7. Since posting the original request I have found that I have a fairly unique and mysterious wheel. I saw a "Sheller 2-3" posted on eBay recently as a '37 Ford, and indeed it looked like one. Jim Donaldson, of JBDonaldson in Phoenix, AZ, just restored for me a '38 Packard banjo wheel. He's restored hundreds of steering wheels, and has never seen this "Sheller 2", nor have any of his contacts. He's never seen brown plastic on a '37 Buick banjo, only ivory, although this one looks like a '37 Buick. Somebody out there must be able to give me a positive id, but I have yet to hear from them. The antique boat people are also mystified (or at least not responding), although it is true that Sheller made wheels that ended up on boats. Donaldson also told me today that Chris Craft put just about any wheel made on its boats. Again, what's unique about this wheel are the raised darts in the plastic: at the spoke joints (3) each, and in between the spoke joints (3) each. It has a 5/8 hole at top with 40 splines; a 3/4 inch hole on the back side. No keyway. 3.5 inch horn button insert; 4.75 hub at top; 18 inch diameter overall. Please, can someone help me? Thanks in advance, David ps If you just want to buy it, and don't want to tell me what it belongs on, that's fine too. As you can see from the pictures, it's in nice shape. Really nice shape. One hairline crack on the back of the rim; minor pitting in the chrome hub; and a few dings on the back from a moron with a hammer. Let me know and we can negotiate.
  8. If you're taking the body off the frame, and/or plan on working on the underside, or even the top, you MUST have one! I've met two guys who have done trifive Chevys on their backs, completely stripping the underside with a torch and a putty knife, but I think they're a bit crazy. I did mine on a rotisserie and I cannot even imagine any other way. Also nice for working on the underside of the dash and the inside of the top. Do whatever you have to do to get one. David
  9. Here are pictures of what I have. It has a 5/8 inch shaft hole, 40 splines, no keyway, and a 3.5 inch diameter opening for the horn button.
  10. I joined this forum and posted for the first time about 2 weeks ago (about a Sheller banjo wheel). I didn't bother to introduce myself then. Mea culpa. My first rebuild was at the age of 15-18, a 1930 Model A Ford Tudor sedan, in Burbank, CA. Dark blue body, black fenders, red wheels. After a long tour through VW land and BMW land and raising a family and, and, and, ...hope to retire in 3 more years. I own a '56 Bel Air hardtop (8 years and counting to completion in another 2-3, with my daughter); a '38 Packard 110 business coupe (dilapidated but almost drivable); and a '38 Packard 120 four door sedan (runs, but not safe to ride in because the mice can't see over the dashboard). Love to meet and chat with other car enthusiasts. Member of NorCal Packard Club and Redwood Empire Classic Chevy Club. I'm in the Santa Rosa area of N. Calif. Send a PM if you want to chat or get together. David
  11. :confused: Two weeks ago I jumped into a thread (my first time on this forum) posted a year or so ago about help identifying the car to which a "Sheller #2" banjo wheel belongs. That one had the center of the hub cut out. I also have a "Sheller #2, in pretty nice shape, but in talking to many people, both in wheel restoration and antique boats (and here, on this forum), I am still waiting for someone to give me a positive id. (Mine is not a Ford--it doesn't have a keyway). In the meantime, a friend said he recently saw an article in one of the old car magazines about nothing but antique steering wheels. Anyone out there know when and where this article was published? Or who wrote it? Many thanks for any tips. David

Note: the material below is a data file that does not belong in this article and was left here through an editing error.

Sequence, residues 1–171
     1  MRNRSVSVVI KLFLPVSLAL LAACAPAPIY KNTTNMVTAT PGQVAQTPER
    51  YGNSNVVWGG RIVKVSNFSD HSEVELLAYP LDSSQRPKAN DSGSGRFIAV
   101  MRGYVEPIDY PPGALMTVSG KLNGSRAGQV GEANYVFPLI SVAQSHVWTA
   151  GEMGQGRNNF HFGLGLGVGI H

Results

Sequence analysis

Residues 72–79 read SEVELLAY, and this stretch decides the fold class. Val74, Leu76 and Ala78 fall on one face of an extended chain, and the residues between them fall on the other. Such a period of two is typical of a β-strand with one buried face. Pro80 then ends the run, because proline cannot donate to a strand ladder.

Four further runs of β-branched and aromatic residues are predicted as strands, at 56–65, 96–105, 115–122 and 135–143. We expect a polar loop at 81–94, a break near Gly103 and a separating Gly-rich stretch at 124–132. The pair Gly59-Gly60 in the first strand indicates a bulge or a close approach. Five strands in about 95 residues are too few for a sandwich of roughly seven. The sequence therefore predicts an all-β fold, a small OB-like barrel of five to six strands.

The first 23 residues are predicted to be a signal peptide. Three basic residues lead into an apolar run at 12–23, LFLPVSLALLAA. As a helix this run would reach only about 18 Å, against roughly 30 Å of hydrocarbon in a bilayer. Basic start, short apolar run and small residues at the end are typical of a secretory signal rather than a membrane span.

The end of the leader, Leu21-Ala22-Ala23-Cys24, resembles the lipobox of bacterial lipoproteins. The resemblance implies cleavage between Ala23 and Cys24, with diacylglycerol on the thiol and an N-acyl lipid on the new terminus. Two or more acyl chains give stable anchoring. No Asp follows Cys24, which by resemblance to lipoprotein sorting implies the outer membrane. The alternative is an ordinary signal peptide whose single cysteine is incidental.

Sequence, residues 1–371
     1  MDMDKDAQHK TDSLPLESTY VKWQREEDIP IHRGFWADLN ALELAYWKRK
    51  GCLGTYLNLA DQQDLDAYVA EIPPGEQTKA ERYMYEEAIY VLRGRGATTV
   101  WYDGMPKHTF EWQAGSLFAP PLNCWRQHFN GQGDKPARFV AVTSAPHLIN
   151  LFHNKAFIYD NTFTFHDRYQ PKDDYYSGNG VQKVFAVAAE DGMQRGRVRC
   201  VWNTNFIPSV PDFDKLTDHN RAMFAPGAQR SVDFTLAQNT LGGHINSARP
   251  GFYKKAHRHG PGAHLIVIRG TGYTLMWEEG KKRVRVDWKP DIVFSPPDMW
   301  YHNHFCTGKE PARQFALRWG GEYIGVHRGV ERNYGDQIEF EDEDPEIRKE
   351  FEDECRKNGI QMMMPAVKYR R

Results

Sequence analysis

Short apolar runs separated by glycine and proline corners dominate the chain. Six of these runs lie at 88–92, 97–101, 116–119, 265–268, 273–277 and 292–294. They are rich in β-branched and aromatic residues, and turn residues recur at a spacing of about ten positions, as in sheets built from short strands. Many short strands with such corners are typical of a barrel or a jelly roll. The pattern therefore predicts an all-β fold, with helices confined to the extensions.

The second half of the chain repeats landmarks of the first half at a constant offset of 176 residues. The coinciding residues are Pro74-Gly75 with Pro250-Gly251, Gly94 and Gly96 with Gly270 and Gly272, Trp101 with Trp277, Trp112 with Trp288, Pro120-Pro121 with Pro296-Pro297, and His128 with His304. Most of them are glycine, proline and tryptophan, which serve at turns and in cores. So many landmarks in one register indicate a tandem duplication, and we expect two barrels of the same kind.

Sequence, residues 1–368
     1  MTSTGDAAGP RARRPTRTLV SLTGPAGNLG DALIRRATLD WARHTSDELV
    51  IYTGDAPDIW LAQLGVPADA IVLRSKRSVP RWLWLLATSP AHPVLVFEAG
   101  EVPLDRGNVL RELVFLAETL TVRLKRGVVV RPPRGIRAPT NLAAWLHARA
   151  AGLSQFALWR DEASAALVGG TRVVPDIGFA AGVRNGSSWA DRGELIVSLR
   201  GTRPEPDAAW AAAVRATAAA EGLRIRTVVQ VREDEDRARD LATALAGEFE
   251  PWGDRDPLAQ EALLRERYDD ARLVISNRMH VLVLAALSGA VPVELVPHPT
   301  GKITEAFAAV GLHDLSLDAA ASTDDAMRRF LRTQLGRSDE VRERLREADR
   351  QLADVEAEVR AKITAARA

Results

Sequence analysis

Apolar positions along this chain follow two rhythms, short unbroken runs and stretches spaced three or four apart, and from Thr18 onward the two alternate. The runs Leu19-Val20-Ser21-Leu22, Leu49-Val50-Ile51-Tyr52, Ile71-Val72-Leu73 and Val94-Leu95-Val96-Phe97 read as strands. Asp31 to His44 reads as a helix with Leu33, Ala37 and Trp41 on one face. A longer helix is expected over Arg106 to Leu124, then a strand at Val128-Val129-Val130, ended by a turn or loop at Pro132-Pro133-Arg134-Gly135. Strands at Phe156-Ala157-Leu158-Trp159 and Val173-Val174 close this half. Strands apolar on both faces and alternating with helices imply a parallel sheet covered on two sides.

12. It's splined, but has a hole drilled at an angle through the hub, about 1/16 in diameter. Also, I agree that it looks very much like a 36-37 Buick or LaSalle, but it's not quite the same. I'm still hoping someone can tell me exactly what it is so I can verify it myself. Thanks for your interest.
  13. Yes, I can see the ribs in STAYGOLD's pictures. So it appears that mine and his are the same, except mine hasn't had the center chopped out. But I'm still unconvinced it's from a Ford. (I'm not trying to malign anyone, I just need more information, because I don't know.)
  14. I'm a bit mystified by these postings. I recently bought a Sheller banjo wheel (pics attached) thinking it was for a Packard, of which I have two. After 2-3 days of perusing pictures and searching online, I feel closer, but not quite "home." All the pictures (including an outfit that rebuilds old boat wheels) and actual cars I have looked at of 1936 Ford banjo wheels have larger horn buttons than my Sheller, they have a smooth plastic surface where mine has the three ribs moulded in at the 3 spoke unions; and they have a "unique" extra finger grip on the inside of the rim, at the center of each of the 3 open sections, where mine has, again, three little ribs. I don't have a picture of the "Sheller" embossing, but it looks just like the one on the original posting here, with a "2" above the name. So what is mine, really? Is it really a '36 Ford with a smaller button insert? Or is it really off of an old wooden speed boat? Thanks for any help. David